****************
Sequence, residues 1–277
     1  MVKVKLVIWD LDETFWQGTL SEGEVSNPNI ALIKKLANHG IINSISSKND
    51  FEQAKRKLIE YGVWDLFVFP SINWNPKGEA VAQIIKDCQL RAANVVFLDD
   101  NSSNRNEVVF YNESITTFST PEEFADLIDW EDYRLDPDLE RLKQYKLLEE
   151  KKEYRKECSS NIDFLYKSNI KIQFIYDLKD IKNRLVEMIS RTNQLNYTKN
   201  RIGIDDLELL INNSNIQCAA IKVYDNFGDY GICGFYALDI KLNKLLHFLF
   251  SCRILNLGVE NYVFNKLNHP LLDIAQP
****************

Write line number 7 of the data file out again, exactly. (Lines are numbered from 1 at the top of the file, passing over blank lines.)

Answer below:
   251  SCRILNLGVE NYVFNKLNHP LLDIAQP